Taskers are generally quieter, more composed, and more resistant to feedback. They respond well to rewards, but not to fun or punishment. They have a 10% probability of producing great work and a 46% probability of engagement.

Coasters tend to be pessimistic and prone to stress. They appreciate rewards, seek to avoid punishment, and have just a 3% chance of producing great work (and only a 17% chance of demonstrating engagement).

The idea behind these categories is not for leaders to pigeonhole their employees but to better understand their strengths and shortcomings, so they can provide the right support. The most effective modern leaders closely observe their people, adjusting their management approach to help each individual develop and thrive. Leaders who know their people well will recognize which worker personas apply to which team members.

advertisement

Creating tailored strategies

Leaders can create tailored strategies that encourage crucial great work behaviors.

Achievers, for example, work hard. But sometimes they’d prefer to tackle the next challenge rather than continue their involvement in a “finished” project that might benefit from further refining. By helping Achievers “improve the mix” and “deliver the difference,” our research shows, leaders can double and even triple the likelihood that these employees will produce great work. One company helped their Achievers “deliver the difference” by instituting formal evaluations three months and nine months after each project. These became institutionalized opportunities to fine-tune completed projects, ensuring they accomplished what was intended.

It doesn’t come naturally to Taskers to “ask the right question” or “go and see.” Here, it can be inspiring to hear stories of colleagues whose orientation shifted after they received unexpected answers or made surprising observations. One example: Rob, a claims manager for an insurance company, sought the perspective of a job applicant he was interviewing for a call center position. Asked to describe the best practices she’d learned at her previous job, the applicant described how her calls seemed to go more smoothly when she first assured customers that she was there for them and could help them. That insight led Rob’s company to change how it answered calls from customers who were reporting accidents, meaningfully raising customer satisfaction.

advertisement

Coasters score low on all of the key behaviors. But our research shows that by strengthening workplace culture, including the addition of more employee recognition, a Coaster’s probability of great work can increase sixfold or more.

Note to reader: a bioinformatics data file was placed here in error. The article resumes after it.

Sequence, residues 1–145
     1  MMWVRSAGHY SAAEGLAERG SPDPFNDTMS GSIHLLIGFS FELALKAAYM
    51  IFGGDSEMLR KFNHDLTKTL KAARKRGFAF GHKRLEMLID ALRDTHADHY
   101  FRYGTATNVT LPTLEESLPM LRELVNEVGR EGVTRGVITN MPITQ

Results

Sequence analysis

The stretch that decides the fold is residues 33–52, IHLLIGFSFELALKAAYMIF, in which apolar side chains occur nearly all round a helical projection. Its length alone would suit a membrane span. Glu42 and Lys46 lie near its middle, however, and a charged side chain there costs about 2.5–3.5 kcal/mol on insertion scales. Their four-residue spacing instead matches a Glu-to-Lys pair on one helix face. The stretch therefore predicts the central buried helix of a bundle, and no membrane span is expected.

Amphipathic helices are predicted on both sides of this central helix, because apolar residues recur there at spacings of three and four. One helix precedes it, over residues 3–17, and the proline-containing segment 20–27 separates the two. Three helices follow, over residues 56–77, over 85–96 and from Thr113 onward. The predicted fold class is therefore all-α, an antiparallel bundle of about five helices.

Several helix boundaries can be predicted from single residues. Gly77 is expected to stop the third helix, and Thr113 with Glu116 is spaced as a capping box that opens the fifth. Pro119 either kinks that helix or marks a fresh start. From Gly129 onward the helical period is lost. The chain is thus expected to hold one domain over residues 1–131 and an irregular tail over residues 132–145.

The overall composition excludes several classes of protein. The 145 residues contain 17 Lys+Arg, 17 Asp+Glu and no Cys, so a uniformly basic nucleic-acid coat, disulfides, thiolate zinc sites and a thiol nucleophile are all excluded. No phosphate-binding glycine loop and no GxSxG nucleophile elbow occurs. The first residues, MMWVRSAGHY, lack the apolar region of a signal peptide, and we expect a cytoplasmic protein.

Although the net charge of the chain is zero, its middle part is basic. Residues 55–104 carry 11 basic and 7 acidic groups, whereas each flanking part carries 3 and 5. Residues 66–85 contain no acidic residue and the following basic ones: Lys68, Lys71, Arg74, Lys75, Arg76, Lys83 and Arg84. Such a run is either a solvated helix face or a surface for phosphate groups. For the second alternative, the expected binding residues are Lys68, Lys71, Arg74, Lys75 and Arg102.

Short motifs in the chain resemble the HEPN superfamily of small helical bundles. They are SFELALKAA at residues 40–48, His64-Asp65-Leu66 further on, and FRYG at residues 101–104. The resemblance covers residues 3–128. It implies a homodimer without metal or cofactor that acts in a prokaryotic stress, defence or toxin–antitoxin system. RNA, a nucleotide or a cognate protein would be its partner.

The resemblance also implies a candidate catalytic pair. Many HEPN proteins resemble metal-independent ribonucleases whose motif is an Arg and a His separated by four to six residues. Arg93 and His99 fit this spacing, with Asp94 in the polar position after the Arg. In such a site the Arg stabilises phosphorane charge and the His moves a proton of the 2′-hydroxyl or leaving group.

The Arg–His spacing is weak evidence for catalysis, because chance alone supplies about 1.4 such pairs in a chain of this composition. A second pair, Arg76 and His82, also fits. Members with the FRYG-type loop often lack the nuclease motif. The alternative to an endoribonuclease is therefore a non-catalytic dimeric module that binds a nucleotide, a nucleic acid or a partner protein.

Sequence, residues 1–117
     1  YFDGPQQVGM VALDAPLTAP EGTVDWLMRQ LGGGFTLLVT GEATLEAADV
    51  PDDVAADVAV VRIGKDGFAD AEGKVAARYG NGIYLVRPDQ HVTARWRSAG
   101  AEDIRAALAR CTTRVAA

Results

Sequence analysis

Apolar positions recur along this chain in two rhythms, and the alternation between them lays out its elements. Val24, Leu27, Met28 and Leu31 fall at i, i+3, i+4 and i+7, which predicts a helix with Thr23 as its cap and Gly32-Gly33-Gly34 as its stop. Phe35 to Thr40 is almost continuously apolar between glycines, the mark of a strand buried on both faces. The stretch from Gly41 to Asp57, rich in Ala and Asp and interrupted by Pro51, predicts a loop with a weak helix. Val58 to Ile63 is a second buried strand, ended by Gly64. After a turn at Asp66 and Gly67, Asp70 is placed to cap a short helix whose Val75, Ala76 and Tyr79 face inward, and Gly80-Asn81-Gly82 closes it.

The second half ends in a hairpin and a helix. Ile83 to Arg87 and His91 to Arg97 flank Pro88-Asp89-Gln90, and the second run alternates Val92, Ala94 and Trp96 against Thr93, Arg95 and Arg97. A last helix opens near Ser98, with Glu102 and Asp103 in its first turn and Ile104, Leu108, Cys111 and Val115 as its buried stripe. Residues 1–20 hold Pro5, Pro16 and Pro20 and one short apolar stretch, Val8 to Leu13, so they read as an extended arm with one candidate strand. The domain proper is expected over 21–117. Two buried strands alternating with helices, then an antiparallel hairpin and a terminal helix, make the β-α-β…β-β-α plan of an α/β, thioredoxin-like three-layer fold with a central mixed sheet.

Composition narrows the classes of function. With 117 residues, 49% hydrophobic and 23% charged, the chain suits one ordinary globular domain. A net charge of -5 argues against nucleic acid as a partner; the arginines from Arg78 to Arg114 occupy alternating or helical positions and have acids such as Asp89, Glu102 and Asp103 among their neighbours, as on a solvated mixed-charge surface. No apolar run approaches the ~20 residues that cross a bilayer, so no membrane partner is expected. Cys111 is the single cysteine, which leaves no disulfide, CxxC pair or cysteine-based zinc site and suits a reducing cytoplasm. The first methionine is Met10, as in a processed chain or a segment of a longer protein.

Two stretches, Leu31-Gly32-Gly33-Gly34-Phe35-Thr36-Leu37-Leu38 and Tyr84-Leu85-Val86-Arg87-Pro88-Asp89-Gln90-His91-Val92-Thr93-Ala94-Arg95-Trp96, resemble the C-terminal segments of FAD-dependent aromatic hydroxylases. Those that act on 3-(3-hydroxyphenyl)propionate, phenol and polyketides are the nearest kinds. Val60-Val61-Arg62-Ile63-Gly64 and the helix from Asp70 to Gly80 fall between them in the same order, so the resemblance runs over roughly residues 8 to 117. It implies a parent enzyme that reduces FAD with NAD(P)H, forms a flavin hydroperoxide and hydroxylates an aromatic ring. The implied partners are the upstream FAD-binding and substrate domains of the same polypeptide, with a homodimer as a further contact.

Socializers are nearly three times as likely to produce great work when they’re part of an inclusive workplace culture—where all employees feel they are valued and belong. My own department, for example, includes a number of high-performing Socializers. The warm, welcoming culture that brings out the best in them also resonates with the rest of our team, and during the initial stages of the pandemic, it became clear that we needed to reinforce that culture in a remote work setup. We made time to eat lunch together virtually, dropped off small tokens of appreciation at one another’s doorsteps, and developed innovative ways to celebrate our successes.

Builders have an appreciation for the big picture, but they aren’t as likely to talk to an outer circle. Pete, from the example above, is a Builder: a natural creator of relationships and connections whose colleagues generally come to follow his thinking quickly. Often this is an asset. But in the context of a challenge demanding outside perspectives, it was a consequential shortcoming.

advertisement

By understanding Pete’s persona, his manager could have partnered with him to preempt the issue before it became a fatal flaw. Perhaps the manager could have kicked off the project by inviting outside experts in for a wide-ranging, creativity-sparking brainstorming session.

A better metric

Employee engagement is not a meaningless measure. But like the standard HR metric that it replaced—employee satisfaction—it’s insufficient. If we want to significantly boost business results in 2022, we’d be wise to set our sights on measuring, encouraging, inspiring, and increasing great work.


Gary Beckstrand is a vice president at O.C. Tanner, a workplace culture company. He is also a coauthor of Appreciate: Celebrating People, Inspiring Greatness.

advertisement

advertisement
advertisement
advertisement